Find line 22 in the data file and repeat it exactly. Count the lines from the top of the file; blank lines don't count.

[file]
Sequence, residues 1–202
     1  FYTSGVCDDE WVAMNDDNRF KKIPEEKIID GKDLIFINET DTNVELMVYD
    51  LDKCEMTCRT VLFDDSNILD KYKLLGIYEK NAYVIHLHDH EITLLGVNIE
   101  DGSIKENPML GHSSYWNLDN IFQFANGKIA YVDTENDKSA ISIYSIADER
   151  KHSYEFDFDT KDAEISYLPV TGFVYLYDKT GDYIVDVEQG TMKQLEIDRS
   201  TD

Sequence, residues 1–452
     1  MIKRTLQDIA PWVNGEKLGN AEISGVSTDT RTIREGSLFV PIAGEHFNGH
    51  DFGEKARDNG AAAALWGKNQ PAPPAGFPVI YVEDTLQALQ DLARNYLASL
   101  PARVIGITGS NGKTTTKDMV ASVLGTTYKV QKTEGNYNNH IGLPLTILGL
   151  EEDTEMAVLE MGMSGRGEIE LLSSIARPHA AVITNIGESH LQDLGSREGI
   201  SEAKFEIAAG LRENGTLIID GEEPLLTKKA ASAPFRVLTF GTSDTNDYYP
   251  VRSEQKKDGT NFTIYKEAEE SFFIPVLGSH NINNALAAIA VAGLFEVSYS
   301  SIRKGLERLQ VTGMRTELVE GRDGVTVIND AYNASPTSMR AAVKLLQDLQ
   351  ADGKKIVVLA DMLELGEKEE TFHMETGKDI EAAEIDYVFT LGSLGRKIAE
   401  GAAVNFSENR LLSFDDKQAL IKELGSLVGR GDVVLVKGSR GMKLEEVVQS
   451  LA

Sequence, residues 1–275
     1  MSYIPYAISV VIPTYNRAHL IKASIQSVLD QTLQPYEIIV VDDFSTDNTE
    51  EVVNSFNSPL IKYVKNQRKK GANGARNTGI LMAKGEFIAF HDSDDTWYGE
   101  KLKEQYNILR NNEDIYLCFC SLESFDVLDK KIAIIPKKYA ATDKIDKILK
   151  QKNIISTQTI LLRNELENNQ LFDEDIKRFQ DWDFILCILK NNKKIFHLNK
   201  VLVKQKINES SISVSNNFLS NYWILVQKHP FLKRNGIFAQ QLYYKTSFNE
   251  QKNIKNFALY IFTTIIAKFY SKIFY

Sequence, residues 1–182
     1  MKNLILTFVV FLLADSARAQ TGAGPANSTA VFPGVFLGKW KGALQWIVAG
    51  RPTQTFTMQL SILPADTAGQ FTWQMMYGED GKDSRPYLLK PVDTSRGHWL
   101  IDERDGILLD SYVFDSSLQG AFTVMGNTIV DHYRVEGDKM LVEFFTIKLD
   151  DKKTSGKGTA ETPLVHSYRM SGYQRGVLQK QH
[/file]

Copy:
   151  QKNIISTQTI LLRNELENNQ LFDEDIKRFQ DWDFILCILK NNKKIFHLNK